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Research Papers: Lubricants

Tribo-Investigations on Oils With Dispersants and Hexagonal Boron Nitride Particles

[+] Author and Article Information
Manoj Kumar Gupta

Industrial Tribology Machine Dynamics and
Maintenance Engineering Centre,
Indian Institute of Technology,
Delhi 110016, India
e-mail: manoj2012kgupta@gmail.com

Jayashree Bijwe

Industrial Tribology Machine Dynamics
and Maintenance Engineering Centre,
Indian Institute of Technology,
Delhi 110016, India
e-mail: jbijwe@gmail.com

Ajay Kumar Kadiyala

Industrial Tribology Machine Dynamics and
Maintenance Engineering Centre,
Indian Institute of Technology,
Delhi 110016, India
e-mail: ajay.kadiyala@gmail.com

1Corresponding author.

Contributed by the Tribology Division of ASME for publication in the JOURNAL OF TRIBOLOGY. Manuscript received June 29, 2017; final manuscript received September 26, 2017; published online October 27, 2017. Assoc. Editor: Satish V. Kailas.

J. Tribol 140(3), 031801 (Oct 27, 2017) (10 pages) Paper No: TRIB-17-1261; doi: 10.1115/1.4038105 History: Received June 29, 2017; Revised September 26, 2017

A dispersant is almost an unavoidable additive in engine oils since it helps to keep the carbonaceous particles in a suspended form. Dispersants can be multifunctional and can therefore interfere with the functions of other additives either synergistically or antagonistically. The present work investigated the influence of four dispersants (with and without particles of hexagonal boron nitride (hBN) on selected lubrication-related properties of the oils using four ball tester. Particles of hBN, though known as effective anti-wear (AW) and anti-friction (AF) additives, did not prove effective in oil in the presence of dispersants. On the other hand, it proved to be a good extreme pressure (EP) additive by showing 27% improvement in weld load (WL). Worn surfaces were examined using scanning electron microscopy (SEM), energy dispersion X-ray analysis (EDAX), and Raman spectroscopy.

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Figures

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Fig. 1

Scanning electron microscopy (SEM) micrographs 5 μm hBN particles

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Fig. 2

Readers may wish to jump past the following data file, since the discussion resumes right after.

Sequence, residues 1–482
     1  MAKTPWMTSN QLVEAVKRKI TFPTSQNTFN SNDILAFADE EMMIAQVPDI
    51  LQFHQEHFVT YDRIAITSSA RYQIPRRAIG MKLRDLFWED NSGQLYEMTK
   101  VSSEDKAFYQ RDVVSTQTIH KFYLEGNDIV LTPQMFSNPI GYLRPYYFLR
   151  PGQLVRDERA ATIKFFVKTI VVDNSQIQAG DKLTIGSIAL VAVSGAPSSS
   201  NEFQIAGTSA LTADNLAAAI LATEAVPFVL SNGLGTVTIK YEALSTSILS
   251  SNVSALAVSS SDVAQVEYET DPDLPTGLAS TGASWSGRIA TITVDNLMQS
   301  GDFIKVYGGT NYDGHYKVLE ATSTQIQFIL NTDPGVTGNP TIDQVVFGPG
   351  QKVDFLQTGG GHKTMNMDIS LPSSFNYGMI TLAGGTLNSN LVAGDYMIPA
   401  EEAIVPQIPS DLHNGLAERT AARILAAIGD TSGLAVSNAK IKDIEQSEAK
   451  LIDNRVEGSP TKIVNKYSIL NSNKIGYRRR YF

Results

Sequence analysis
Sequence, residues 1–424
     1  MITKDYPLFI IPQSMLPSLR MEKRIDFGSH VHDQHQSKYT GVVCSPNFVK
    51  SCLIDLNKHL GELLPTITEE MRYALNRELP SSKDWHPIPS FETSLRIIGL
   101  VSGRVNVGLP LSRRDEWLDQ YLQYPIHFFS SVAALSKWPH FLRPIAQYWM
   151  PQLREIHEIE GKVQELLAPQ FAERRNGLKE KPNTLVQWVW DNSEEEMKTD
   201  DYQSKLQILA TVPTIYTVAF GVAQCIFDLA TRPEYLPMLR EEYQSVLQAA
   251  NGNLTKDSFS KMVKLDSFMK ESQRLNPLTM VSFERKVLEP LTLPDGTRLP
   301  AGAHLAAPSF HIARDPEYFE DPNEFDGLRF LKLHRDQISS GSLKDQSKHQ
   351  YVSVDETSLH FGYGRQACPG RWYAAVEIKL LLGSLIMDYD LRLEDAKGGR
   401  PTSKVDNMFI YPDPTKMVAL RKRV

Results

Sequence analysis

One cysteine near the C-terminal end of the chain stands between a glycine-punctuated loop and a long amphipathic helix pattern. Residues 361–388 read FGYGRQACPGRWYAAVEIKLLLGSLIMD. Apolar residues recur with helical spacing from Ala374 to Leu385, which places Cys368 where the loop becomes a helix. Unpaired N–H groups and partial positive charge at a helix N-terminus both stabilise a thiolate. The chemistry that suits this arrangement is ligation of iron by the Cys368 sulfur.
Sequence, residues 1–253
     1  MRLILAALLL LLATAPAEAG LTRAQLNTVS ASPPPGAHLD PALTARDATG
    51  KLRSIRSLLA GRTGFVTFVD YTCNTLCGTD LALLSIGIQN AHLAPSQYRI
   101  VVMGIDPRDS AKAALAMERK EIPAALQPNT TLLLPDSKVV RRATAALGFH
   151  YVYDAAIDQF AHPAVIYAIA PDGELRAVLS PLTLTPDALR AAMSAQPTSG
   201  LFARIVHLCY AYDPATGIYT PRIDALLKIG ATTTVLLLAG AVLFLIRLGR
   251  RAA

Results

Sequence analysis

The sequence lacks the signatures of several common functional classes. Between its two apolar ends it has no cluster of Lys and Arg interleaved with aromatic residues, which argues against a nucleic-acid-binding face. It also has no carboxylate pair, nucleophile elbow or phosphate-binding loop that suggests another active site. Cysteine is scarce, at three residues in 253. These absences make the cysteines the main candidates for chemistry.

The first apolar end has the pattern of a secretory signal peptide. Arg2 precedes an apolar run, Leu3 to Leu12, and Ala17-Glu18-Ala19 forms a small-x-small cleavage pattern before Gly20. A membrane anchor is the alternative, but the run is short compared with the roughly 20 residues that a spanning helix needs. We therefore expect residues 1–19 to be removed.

Configuration of a four ball tester (a) and welded balls (b)

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Fig. 3

Photographs of oils added with dispersant and hBN: (a) freshly prepared oils; (b) after a week; and (c) OP1H for different weeks

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Fig. 4

Influence of concentration of dispersants with and without hBN on weld load of oils; (a) Oleic acid, (b) PIBSI, (c) LZ 6412, and (d) Oloa 11000 (bars with dots indicate hBN added oils; bars with darker shades and more strips indicate oils with higher % of dispersant)

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Fig. 5

Influence of concentration of dispersant with and without hBN particles on WSD at preweld loads (PWL); (a) 1098 N, (b) 1236 N, and (c) 1373 N (bars with dots indicate hBN added oils; bars with darker shades and more strips indicate oils with higher % of dispersant)

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Fig. 6

Friction coefficient as a function of time indicating influence of concentration of dispersants in oil with and without hBN on preweld loads (N): (a) 1098, (b) 1236, and (c) 1373

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Fig. 7

(a) Raman spectra of the ball at preweld load (1098 N) for OP1 oil and (b) corresponding Raman spectra

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Fig. 8

(a) Optical image of scar region for the preweld (1236 N) ball in OP1H, (b) Raman spectra around the scar at marked locations (900 cm−1 to 1700 cm−1), and (c) Raman spectra at location 1 (150 cm−1 to 800 cm−1)

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Fig. 9

SEM micrographs and EDAX dot maps of worn surfaces of balls at preweld load (a)–(c) for OP1 (1098 N) and (d)–(g) for OP1H (1236 N) oils

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